Language and Social Justice Committee Activities, 2013-14

The 2013-14 activities undertaken by the joint CfHR (Committee for Human Rights) and SLA Committee on Language and Social Justice – (LSJ) began at the 2013 AAA meeting and remain ongoing.

The LSJ met at AAA on November 21, 2013 to discuss current projects, upcoming issues and media-contact strategies. Current projects include work with the Census Bureau to find a replacement for the term “Limited English Proficient Household” (where no residents older than 14 self-report speaking English “well” or “very well”) that is now used instead of “Linguistically Isolated Household” but remains problematic. Upcoming issues include derogatory names and mascots for sports teams (especially “Washington Redskins”), “language gap” studies (psychological studies positing the existence of a social and cognitive development deficit among children allegedly not exposed to enough (English) words), and support for state efforts to bring back bilingual education. LSJ list members will be surveyed for further input on other issues, including LGBTQ-related slurs, discussed at the meeting. Strategies were discussed for conveying these concerns to media. Suggestions included the production and circulation of documents, position papers, and op-eds paired with outreach to local media, and the creation of an expert knowledge database. Similar concerns have been highlighted in an ongoing series (2012, 2013 and 2014) of AAA roundtables of journalists and anthropologists discussing professional divides.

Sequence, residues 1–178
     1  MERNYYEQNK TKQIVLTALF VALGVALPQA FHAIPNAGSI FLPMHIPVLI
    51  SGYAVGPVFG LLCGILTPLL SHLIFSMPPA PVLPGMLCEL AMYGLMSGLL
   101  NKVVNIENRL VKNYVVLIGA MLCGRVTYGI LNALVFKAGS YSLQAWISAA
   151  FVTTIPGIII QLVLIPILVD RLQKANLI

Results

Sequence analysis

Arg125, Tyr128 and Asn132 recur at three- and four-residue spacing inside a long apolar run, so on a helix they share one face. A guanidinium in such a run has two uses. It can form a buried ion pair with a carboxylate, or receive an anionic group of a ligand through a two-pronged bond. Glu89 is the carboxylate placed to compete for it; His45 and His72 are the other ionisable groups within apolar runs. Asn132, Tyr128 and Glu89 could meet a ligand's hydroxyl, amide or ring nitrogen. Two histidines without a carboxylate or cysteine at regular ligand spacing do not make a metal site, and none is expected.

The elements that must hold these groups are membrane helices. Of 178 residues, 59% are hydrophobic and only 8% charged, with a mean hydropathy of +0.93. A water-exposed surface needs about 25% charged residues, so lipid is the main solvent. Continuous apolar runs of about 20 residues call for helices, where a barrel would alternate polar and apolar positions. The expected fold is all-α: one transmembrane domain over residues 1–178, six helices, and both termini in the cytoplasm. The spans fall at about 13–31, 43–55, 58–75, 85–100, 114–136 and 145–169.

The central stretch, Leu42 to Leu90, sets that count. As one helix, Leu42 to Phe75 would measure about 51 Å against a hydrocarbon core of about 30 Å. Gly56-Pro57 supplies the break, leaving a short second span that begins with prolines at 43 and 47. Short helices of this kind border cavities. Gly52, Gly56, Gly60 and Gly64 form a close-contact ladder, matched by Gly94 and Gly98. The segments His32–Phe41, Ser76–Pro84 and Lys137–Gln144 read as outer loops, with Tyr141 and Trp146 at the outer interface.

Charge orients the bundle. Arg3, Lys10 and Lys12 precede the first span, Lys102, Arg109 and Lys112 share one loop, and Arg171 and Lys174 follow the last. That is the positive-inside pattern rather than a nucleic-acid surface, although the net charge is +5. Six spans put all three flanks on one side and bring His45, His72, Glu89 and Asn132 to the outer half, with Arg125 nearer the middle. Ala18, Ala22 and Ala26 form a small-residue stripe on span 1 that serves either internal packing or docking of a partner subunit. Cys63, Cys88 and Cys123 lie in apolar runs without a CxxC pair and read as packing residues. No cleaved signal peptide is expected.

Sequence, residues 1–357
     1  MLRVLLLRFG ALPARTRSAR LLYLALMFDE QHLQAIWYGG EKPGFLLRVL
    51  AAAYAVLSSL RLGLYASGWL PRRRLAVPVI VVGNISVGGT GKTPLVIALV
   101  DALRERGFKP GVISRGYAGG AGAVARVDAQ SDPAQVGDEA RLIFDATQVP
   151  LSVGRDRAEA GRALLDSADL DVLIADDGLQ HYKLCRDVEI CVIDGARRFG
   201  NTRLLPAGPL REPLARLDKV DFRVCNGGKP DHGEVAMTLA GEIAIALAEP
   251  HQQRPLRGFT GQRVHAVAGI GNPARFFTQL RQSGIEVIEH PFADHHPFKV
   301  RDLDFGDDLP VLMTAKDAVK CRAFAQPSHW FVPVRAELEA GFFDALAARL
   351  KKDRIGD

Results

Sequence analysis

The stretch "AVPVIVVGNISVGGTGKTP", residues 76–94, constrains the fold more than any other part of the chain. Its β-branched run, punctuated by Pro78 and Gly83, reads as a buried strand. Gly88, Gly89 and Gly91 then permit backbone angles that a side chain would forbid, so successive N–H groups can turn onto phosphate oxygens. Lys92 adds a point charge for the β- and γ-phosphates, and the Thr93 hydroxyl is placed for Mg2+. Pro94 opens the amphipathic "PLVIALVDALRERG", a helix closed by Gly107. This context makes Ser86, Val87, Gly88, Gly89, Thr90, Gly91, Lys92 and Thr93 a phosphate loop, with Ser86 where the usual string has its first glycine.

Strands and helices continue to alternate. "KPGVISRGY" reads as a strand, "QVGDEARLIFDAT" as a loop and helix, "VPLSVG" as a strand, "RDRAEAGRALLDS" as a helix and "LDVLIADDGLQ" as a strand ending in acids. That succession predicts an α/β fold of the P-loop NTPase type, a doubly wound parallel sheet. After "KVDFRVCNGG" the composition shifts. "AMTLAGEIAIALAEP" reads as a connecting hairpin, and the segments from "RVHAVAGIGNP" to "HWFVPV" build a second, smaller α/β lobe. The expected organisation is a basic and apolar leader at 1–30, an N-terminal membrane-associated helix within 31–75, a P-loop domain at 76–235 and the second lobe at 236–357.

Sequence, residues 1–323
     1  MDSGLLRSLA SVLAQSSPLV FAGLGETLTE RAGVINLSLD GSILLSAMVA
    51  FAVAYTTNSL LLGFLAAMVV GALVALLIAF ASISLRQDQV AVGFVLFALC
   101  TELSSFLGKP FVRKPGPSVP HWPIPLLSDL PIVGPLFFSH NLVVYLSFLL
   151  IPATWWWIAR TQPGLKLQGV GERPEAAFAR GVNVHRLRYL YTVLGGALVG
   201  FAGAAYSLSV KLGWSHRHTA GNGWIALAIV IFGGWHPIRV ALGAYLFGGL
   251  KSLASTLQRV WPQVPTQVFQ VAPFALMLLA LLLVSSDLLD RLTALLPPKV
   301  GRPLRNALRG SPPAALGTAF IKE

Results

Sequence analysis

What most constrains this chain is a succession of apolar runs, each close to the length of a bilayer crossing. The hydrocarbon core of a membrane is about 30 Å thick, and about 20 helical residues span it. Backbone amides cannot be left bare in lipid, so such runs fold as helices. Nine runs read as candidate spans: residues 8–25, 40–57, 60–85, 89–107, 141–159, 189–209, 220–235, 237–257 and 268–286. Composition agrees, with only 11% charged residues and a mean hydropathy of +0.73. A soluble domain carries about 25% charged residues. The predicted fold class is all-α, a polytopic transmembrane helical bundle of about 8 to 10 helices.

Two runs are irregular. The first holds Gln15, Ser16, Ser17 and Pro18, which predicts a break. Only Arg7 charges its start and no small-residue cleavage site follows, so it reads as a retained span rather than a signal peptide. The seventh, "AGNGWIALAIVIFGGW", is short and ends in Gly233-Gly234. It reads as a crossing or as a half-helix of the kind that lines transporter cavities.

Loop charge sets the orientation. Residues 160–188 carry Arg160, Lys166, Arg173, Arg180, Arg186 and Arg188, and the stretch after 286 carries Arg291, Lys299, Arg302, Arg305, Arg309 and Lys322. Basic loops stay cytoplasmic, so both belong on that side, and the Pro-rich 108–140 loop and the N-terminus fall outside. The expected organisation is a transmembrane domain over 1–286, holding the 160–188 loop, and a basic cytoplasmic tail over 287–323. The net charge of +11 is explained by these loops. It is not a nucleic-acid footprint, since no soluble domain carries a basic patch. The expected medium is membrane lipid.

Since the AAA meeting, the LSJ has focused most attention on language gap work. Background in brief: Human development specialist Todd Risley and psychologist Betty Hart, authors of the 1995 book Meaningful Differences in the Everyday Experience of Young American Children, have argued that vocabulary growth in early childhood is a key factor in later success in school and the workplace, and that by age three,significant differences could be observed in the vocabularies of children of middle-class professionals versus low-income parents. Stanford psychologist Anne Fernald published a 2013 article arguing that such differences emerged by 18 months. Philanthropists Terrance and Judith Paul read the Risley and Hart book and decided to fund the design of speech recognition technology that could be used to count those words. They founded Infoture Inc. in 2004 which became the LENA foundation in 2009, with UCLA-trained linguist Jill Gilkerson as Language Research Director. LENA developed and sells devices that parents can attach to toddlers’ clothing to do the word count. Fernald’s study, the original Risley and Hart book, and the LENA device (whose inventor has financed further research publication, eg here) have all received favorable attention from media and elected officials. For example, Providence RI mayor Angel Taveras, using Bloomberg Philanthropies startup funding, initiated a “Providence Talks” project to encourage low-income parents to use—literally—more words when talking to their children.